Have you just encountered PCOD – polycystic ovary disease? Now what? The condition, which affects five million women in the U.S alone, can cause chaos on your hormones as well as still doesn’t have a known care.
It is a condition that affects a woman’s hormone levels. Women with Polycystic ovary syndrome fabricate higher than usual amounts of male hormones. This hormone inequity causes them to miss menstrual periods as well as makes it harder for them to get pregnant. It can cause hair growth on the face and body, and baldness. And it can donate to long-term health problems like diabetes and heart disease. Early diagnosis and PCOD treatment are recommended. Weight loss may also decrease the risk associated such as insulin resistance
PCOD is a problem with hormones that affects women during their childbearing years between the ages fifteen to forty-four. Many women have PCOD but don’t know it. In one study, up to seventy percent of women with PCOD hadn’t been diagnosed.
PCOD affects a women ovary, the reproductive organs that produce estrogen as well as progesterone – hormones that regulate the menstrual cycle. The ovaries also manufacture a small quantity of male hormones called androgens.
Causes of PCOD
Doctors exactly don’t know what causes PCOD. They believe that high levels of male hormones avert the ovaries from producing hormones and making eggs normally.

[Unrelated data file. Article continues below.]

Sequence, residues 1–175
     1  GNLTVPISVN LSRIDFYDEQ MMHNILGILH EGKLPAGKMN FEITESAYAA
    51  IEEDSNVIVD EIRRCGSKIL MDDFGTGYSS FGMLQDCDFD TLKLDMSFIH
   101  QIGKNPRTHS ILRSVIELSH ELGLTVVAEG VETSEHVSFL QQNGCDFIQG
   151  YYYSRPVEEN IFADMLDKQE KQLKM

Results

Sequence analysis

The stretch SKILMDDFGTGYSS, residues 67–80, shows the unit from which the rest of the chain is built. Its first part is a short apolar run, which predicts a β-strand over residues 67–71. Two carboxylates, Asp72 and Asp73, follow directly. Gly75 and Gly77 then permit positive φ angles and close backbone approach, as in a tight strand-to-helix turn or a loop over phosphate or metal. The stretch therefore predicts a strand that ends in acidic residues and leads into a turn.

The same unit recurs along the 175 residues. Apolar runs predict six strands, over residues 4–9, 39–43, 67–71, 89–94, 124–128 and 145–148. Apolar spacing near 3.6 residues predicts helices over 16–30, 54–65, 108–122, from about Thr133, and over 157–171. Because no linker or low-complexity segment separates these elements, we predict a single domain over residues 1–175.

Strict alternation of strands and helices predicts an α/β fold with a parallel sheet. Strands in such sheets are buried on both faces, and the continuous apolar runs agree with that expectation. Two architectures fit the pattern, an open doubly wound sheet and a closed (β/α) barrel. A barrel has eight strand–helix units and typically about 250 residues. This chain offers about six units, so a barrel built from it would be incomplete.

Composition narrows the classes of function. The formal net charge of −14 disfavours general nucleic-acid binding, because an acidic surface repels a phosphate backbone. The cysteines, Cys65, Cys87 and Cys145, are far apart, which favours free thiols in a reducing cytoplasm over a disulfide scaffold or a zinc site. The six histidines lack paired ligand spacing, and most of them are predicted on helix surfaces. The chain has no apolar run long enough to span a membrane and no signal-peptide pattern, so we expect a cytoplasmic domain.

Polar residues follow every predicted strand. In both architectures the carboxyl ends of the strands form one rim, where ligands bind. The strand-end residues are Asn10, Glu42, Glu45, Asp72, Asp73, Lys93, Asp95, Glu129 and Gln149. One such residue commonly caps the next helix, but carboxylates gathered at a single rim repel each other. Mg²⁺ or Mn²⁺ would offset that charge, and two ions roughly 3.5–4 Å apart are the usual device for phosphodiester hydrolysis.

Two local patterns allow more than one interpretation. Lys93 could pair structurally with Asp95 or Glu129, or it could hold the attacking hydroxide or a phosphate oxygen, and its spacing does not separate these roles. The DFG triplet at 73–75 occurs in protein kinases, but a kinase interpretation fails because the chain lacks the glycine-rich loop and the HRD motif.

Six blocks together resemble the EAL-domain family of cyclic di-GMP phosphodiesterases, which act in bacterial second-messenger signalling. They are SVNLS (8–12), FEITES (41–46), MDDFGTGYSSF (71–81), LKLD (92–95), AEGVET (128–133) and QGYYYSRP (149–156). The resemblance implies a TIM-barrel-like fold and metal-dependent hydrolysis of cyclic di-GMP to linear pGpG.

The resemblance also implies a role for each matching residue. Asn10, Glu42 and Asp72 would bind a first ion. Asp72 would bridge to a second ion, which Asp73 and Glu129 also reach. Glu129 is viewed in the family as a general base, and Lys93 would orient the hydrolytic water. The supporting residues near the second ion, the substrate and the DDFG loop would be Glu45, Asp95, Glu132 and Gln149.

- Genes– Studies shows that PCOD runs in families. It is likely that not just one, numerous genes contribute to this condition.
- Insulin resistance – Up to seventy percent of women with PCOD have insulin resistance, meaning that their cells can’t use insulin properly. Insulin is a hormone that pancreas produces to assist the body use sugar from foods for energy.
Inflammation – Women with PCOD often have increased levels of inflammation in their body. Body overweight can also contribute to the inflammation. Studies of gynecologist doctor have linked that excess inflammation to higher androgen levels.
Common Symptoms of Polycystic Ovary Disease
Some women start considering symptoms around the time of their first period. Others only discover they have PCOD after they have gained a lot of weight or they have had trouble getting pregnant.
The most common PCOD symptoms are:
- Lopsided periods –a shortage of ovulation prevents the uterine lining from shedding every month. Some women with PCOD get fewer than eight periods a year.
- Profound bleeding –The uterine coating builds up for a longer period of time, so the periods you do get can be heavier than normal.
- Hair growth –more than seventy percent of women with this situation have hair growth on their face as well as body – including on their back, belly, and chest.
- Acne –Male hormones can make the skin oilier than normal and cause breakouts on areas like the face, chest, as well as upper back.
Common Medical treatments
Birth control – Taking estrogen and progestin daily can reinstate a standard hormone balance, regulate ovulation.
Metformin – It is a drug used to treat type two diabetes and it also treats PCOD by improving insulin levels.
Clomiphene – it is a fertility drug that can help women with PCOD get pregnant. However, it increases the risk for twins and other multiple births.
Surgery – it can also be an option to improve fertility if other treatment doesn’t work. Ovarian drilling is a practice that makes tiny holes in the ovary with a laser or else emaciated heated needle to restore normal ovulation.